Preaching is generally associated with the ecclesiastical elite. In most religious circles, those who preach are given the elite title of preacher. Biblical preaching has been highly distorted to make it fit into the elite fold. The most important element leading to this distortion is the lack of dialogue. It has been relegated to a formal delivery style that strips it of its simplicity and naturalness.
Preach (Webster 1828)
To pronounce a public discourse on a religious subject, or from a text of Scripture. The word is usually applied to such discourses as are formed from a text of Scripture. This is the modern sense of preach.
To discourse on the gospel way of salvation and exhort to repentance; to discourse on evangelical truths and exhort to a belief of them and acceptance of the terms of salvation. This was the extemporaneous manner of preaching pursued by Christ and his apostles. Matthew 4:10 Acts 10:14.
To first understand how natural preaching is, we must first understand there is nothing in the Bible indicating preaching came with a written text or sermon. The preaching we see in the New Testament always appears extemporaneous.
In 1828, preaching was tied to Christian scripture. Today, it has a wider application, particularly in the areas of moral truth, right conduct, etc. It is a form that we use quite often and in a variety of circumstances. We have all used it, most often without realizing it, unless someone complains that we are preaching at them. If you have kids, you know. You might calmly start out explaining something to them on an important subject and before long the emotion kicks in and it gravitates to preaching.
In the naturalness of preaching, you are presenting a narrative. Rarely do you quote anything exactly like you would in a prepared speech. You see this universally throughout the Bible, whether it is an Old Testament prophet, Jesus, the Apostles, or anyone else like Stephen who ended up stoned after his talk moved into preaching.
This does mean that most Biblical references to scripture are not word for word. They are referencing scripture within the narrative, applying it 100% accurately within that context. By providing two accurate descriptions within the narratives, we are presented with a bonus, giving us two contextual inspired references to understand the scripture being used. This does not mean our own personal narrative version of scripture is to be considered inspired. Rather, like the Bereans with Paul, if there is a question concerning our massaging of scripture, then to make sure it is being properly applied, might require going directly to the exact source.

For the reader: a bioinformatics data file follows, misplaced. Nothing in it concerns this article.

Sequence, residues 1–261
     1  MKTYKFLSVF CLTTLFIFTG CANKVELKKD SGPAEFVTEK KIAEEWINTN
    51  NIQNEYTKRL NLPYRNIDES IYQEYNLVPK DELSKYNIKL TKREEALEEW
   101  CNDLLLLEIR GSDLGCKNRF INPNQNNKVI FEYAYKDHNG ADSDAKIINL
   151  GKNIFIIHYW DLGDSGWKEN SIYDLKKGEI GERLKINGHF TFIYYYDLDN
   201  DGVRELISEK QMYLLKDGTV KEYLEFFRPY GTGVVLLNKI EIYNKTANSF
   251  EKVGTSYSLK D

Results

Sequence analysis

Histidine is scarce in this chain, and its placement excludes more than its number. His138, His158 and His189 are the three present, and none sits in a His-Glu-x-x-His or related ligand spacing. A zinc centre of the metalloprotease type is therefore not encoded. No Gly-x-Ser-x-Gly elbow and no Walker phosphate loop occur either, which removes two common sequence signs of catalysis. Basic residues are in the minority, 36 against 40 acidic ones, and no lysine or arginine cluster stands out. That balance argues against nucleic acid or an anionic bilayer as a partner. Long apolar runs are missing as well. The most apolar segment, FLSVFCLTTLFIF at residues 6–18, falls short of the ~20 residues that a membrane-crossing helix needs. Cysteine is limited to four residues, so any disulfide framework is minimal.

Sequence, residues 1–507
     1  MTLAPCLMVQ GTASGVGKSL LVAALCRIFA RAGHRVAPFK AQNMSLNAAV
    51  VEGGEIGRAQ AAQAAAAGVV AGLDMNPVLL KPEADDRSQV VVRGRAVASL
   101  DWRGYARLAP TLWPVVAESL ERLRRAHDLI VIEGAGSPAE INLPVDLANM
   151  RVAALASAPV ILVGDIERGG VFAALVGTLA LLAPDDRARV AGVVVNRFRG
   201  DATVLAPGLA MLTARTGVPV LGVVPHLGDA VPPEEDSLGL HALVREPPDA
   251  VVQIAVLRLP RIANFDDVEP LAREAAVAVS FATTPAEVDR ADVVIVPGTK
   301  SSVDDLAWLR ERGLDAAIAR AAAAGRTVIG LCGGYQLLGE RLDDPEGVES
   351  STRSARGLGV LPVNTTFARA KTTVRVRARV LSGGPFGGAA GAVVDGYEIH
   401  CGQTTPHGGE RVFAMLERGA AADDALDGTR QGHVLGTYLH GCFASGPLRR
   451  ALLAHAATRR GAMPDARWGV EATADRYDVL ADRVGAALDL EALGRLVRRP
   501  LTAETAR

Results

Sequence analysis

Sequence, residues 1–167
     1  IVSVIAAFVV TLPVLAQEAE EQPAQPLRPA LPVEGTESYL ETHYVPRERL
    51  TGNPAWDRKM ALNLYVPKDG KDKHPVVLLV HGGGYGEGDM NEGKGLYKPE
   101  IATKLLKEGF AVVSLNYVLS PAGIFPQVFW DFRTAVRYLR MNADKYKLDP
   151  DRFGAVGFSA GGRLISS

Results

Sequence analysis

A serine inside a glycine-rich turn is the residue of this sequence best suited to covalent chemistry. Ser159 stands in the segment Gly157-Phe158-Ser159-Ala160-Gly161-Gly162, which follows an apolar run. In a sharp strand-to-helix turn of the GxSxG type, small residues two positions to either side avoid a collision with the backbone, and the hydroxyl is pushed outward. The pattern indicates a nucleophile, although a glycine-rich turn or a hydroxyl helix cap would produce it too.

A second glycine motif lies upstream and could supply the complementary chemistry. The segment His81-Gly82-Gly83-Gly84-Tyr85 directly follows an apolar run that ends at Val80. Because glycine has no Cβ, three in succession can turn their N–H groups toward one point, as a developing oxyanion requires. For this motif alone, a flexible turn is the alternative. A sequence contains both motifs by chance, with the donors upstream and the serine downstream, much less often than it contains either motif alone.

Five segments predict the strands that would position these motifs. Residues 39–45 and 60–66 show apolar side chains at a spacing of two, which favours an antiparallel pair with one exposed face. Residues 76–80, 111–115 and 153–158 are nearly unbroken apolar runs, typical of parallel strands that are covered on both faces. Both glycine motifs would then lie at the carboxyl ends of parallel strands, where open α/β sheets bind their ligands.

Early in the day, during Pentecost, the believers received the Holy Ghost and there was a public cacophony of sound as they all began speaking in a myriad of languages. A large multitude wondered what was going on with some thinking all these people were drunk. Peter addressed the crowd to provide them with the answer. He started out explaining, then moved into a bit of teaching, then came a weaving of teaching and preaching, finally ending in heavy preaching that climaxed in a salvation call to “Repent, and be baptized every one of you in the name of Jesus Christ for the remission of sins, and ye shall receive the gift of the Holy Ghost.” Acts 2:38
Paul on Mar’s Hill in Athens was invited to interact with a group of philosophers. When questioned by them, he started out with some cultural observations, then moved into their religious leanings that opened the door to talking about the true God. Then he went into teaching who this God was, beginning from creation. This teaching was interwoven with preaching. Then, as he called for repentance the preaching became more predominant and emotional. Nearing the crescendo, Paul mentioned the resurrection from the dead. At that point they mocked him, thereby shutting down any further discourse.
Preaching is supposed to be natural. God made it so simple. To complicate it allows it to be manipulated by the elite to further their preeminency. In a true fellowship, Jesus could call on anyone to share something, to exhort those within the fellowship, perhaps answer a question, or whatever would start the narrative. Before long, it might move a bit into teaching, then become interwoven with some preaching, and finally climaxing into some heavy-duty emotional preaching. Afterward should come some wonderful dialogue concerning what was just delivered.
Preaching should never be relegated to the ecclesiastical elite. They have made it anti-dialogical and a tool of power.
And spared not the old world, but saved Noah the eighth person, a preacher of righteousness, bringing in the flood upon the world of the ungodly; II Peter 2:5
Noah was a preacher. No ecclesiastical body to ordain him as such. He warned the ungodly to turn from their sins and live righteously. That made him a preacher.
Whereunto I am ordained a preacher, and an apostle, (I speak the truth in Christ, and lie not;) a teacher of the Gentiles in faith and verity. I Timothy 2:7
Whereunto I am appointed a preacher, and an apostle, and a teacher of the Gentiles. II Timothy 1:11
Who appointed and ordained Paul a preacher? The same one who ordained and appointed him as an apostle: Jesus Christ. You do not need man to give you that title. When you follow God’s command to “Go ye into all the world, and preach the gospel to every creature.” Mark 16:15, then, when you share the gospel, you are a preacher; a preacher appointed and ordained by Jesus Christ.